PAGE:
Saturday, December 31, 2005

Fictional History

So somehow, in the last week, I managed to read two books. One of said books is for a review I'm writing for CityBeat (250 words is all I get). The other was a nifty book that popped up on my reserve list at the library. I don't know if your public libraries have this cool service, where you can select from about 50 different mainstream authors currently publishing, and as soon as a new book by one of your authors is published, the library automatically adds it to your list of requests. Pretty freakin' cool, IMO.

The first book is The Constant Princess by Phillipa Gregory. Historical, romantic fiction in the vein of Diana Gabaldon but not nearly as dense or epic in scale. The story revolved around Katherine of Aragon, Henry VIII's first wife. It told the tale of her childhood in Spain, growing up under Ferdinand and Isabella, learning about battle from the frontlines, etc. and then moved on to her betrothal and eventual marriage to Arthur, Henry VIII older brother who died at 15. If you have any interest at all in Tudor or English history, Arthur's death is not a spoiler, so nyeah.

It was fascinating to see Gregory's vision of Henry VIII's indulgent childhood, and to view the contrasts between the English and Spanish courts at the time of the early 16th century. Allegedly, Catalina (her name in Spain before she became Queen of England) kept quite the secret in order to put herself on the throne. But she doesn't necessarily come off as conniving. That role is reserved for Anne Boleyn, HVIII's second wife. The book ends before much of the history beyond Katherine's reign is revealed or discussed. Instead, the political hoo-hah between the courts and the papacy, between Scotland and England, England and France, Spain and just about everyone else--these "paper battles" as they've come to be in history books come alive. The characters are more than just names. If I could have read this in high school when I was studying World History, I would have enjoyed my class so much more.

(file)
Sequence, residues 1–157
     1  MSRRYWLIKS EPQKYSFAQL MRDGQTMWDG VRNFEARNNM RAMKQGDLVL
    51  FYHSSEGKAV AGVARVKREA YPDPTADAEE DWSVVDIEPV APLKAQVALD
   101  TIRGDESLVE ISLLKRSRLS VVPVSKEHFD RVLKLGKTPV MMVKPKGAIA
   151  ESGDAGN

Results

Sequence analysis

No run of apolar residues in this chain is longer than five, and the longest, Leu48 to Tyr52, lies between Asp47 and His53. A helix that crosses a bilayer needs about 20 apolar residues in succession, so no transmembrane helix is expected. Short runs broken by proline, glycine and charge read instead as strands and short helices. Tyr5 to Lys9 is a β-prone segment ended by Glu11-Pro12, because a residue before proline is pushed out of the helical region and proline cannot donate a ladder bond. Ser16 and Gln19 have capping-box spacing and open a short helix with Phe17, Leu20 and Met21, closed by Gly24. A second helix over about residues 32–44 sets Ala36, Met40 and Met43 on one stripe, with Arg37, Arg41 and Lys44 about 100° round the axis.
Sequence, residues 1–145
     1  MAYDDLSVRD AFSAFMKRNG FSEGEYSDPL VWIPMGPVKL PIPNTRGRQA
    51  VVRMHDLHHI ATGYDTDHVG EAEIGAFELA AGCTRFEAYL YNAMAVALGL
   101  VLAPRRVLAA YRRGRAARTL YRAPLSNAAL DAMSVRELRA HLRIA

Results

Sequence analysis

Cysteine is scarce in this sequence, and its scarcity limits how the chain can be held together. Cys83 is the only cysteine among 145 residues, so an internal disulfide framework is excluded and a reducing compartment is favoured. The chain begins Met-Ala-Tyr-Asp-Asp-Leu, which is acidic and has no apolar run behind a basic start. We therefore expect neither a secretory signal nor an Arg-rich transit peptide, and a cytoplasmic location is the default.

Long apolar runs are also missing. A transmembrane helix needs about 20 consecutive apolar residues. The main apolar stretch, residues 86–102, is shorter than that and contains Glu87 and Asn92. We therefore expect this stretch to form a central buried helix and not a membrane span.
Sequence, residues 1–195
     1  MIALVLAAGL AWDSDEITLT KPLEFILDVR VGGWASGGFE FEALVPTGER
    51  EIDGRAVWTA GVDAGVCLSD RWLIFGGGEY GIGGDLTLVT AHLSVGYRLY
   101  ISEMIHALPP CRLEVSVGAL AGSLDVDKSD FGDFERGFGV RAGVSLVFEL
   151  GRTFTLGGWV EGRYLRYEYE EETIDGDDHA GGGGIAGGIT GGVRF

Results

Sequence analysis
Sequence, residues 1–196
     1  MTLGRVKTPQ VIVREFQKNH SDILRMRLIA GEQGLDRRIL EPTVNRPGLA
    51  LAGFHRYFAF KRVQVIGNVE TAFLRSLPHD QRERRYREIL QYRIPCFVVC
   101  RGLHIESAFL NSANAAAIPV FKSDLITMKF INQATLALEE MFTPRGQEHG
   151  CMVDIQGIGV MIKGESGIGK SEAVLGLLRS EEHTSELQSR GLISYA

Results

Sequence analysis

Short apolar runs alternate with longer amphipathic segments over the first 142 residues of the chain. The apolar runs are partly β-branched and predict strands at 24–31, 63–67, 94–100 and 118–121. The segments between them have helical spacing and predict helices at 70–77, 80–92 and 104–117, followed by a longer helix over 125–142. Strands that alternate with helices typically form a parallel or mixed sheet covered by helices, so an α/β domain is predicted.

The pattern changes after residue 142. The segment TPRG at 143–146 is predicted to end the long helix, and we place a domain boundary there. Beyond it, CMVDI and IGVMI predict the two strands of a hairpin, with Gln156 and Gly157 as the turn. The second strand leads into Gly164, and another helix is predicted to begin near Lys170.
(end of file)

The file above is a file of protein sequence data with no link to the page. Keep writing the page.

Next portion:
Apparently, Gregory has written other tomes as well, also in an historical vein. While this was not a quick read, it was satisfying. If I ever find myself with oodles of free time (ha!!), I will look up her other works.

The second book I read in one day, because I'm that much of a geek and it was that quick of a read. Scott Turow's latest is Ordinary Heroes. I've been a fan of his work for a long time; I've always enjoyed reading his stories rather than watching them on the big screen. For me, he is up with Nelson DeMille and James Patterson on the "brain-candy" front.

Ordinary Heroes is about Stewart Dubinsky, a 56 year old writer, newly retired from his newspaper beat, who sets about to write a novel. When his father dies, he returns to the house of his childhood and is commanded by his mother to go through his dad's personal effects. Of course he finds letters, and of course those letters reveal a side of his father he never knew. It's a little trite, but stay with me.

Stewart decides to write his father's story, which he has to cull from multiple sources, as his dad's escapades in WWII (as a lawyer cum officer, of course--Turow is a lawyer by trade) are classified by the CIA. He finds out that his dad was court-martialed--a fact he never knew and on which his mother refuses to elaborate. So he tracks down his dad's D.A. (or whatever the equivalent office is in the land of US Army justice)--a 96 year old dude who is living in a retirement home but still has all of his faculties, and of course, has a manuscript written by Stewart's father explaining everything.

Turow jumps back and forth between past and present, and ultimately parks Stewart's father, David Dubin (he Americanized his surname in pre-war years) between two Army officers (not sure of their ranks, as they change throughout the story)--Teedle and Martin. David's tale is a fascinating one, taking him from a small town in the Midwest to Europe--England, France, and Germany, and eventually Luxembourg--and routing him from behind the desk to parachuting from a plane, crawling on his belly in a battle skirmish against the Nazis, lying motionless for nine hours in the snow, playing dead to avoid being shot down, and commanding a group of backwoods American Joes who don't like that their commanding officer is a) Jewish and b) green in terms of battle experience, all the while chasing the elusive, possible double agent Robert Martin and his "girl," Gita Lodz, for the magnanimous Teedle.

As I said, it's a very fast read. The only thing I didn't like was the heavy-handed commentary about war in David's mind near the end of the story. However, never having faced combat or anything close, I can't speak to the truth of his thoughts. It just felt a little too much like Turow commenting on the current situation in Iraq; especially when we learn that Stewart and his friends found ways out of serving in Vietnam, much to David's liking.

Normally, I avoid books on war as too graphic for my taste--which is odd, since I don't mind reading forensic thrillers like Patterson writes, or espionage type books that DeMille has penned. Hard core war stuff doesn't usually hold my interest. But I think the frame within the story--Stewart's ultimate search for his father's truth and by extension, his own truth, held me rapt.

Definintely a good read.

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